R vs Python, why each is better

A report on a free-wheeling Australian meetup discussing "Why R is Better" and "Why Python is Better". What do you think?

By Gregory Piatetsky, @kdnuggets.

Phil Brierley sent me a report on a Data Science Melbourne data science meetup group in Melbourne, where they recently had a very good session with two speakers giving overviews of R and Python, and arguing why each one is better. The videos are on Youtube and below, and the R one is particularly entertaining.

Related to that, here are the results of a KDnuggets Poll which asked:

If used either R or Python for data analysis/data mining, did you switch,

Results: R has a big lead, but Python is gaining R vs Python

R Corner
R is a free, open-source language and interpreter that is designed for reading, handling, and analyzing data, and for reporting the results. We'll introduce R and its motivating concepts, spend some time getting familiar with R's strengths, brush dismissively over its weaknesses, and make inflammatory comparisons with other languages. We'll talk about tasks for which R is particularly well suited, and why, and demonstrate its use in situ.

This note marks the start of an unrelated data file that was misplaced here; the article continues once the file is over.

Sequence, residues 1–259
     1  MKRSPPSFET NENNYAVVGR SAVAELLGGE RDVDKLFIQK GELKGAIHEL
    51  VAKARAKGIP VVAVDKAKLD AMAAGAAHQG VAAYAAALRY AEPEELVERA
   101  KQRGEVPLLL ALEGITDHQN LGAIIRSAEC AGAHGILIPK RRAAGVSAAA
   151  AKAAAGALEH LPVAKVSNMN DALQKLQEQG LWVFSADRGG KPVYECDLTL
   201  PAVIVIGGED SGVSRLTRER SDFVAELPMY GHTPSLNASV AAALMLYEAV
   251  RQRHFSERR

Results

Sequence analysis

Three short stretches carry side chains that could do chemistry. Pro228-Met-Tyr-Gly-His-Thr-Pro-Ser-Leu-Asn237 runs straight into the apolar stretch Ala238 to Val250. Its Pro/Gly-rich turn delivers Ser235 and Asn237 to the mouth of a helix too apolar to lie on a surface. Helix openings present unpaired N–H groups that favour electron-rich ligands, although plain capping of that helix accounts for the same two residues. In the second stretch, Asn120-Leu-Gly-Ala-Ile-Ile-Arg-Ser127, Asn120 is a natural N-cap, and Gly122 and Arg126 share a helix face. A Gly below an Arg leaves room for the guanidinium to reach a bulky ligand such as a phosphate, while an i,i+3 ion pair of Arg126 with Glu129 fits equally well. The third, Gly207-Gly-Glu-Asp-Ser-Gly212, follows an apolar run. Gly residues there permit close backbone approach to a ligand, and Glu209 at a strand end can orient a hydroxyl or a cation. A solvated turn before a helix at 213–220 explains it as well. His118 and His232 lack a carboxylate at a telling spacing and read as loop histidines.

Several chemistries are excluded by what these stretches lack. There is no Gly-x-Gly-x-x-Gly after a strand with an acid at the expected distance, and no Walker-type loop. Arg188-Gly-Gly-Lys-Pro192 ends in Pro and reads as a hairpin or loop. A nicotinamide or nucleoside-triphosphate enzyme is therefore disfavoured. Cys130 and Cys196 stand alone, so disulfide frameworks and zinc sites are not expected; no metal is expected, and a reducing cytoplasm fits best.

Andrew Robinson has been messing around with applied statistics in various guises since the 1980's. He started using S-plus (V3.3) in the late 90's and escaped to R in about 2002, to get away from the GUI disaster of S-plus 2000. His analytical work has covered forestry, ecology, oncology, risk analysis, and biosecurity. He is now Deputy Director for CEBRA, the Centre of Excellence for Biosecurity Risk Analysis, and Reader and Associate Professor in Applied Statistics at the University of Melbourne.

Python Corner
Python is super easy to learn. It's logical, well documented and well supported. It also has an amazing and approachable data stack which can be used for analytics, visualisation, machine learning and even building end-to-end production systems. This talk will give an intro to those things.

Chris Hausler is a Data Engineer at Zendesk. Previously he's held the titles of data scientist, student, consultant, programmer and before that student again. Throughout all these things he loved playing with data and he still does.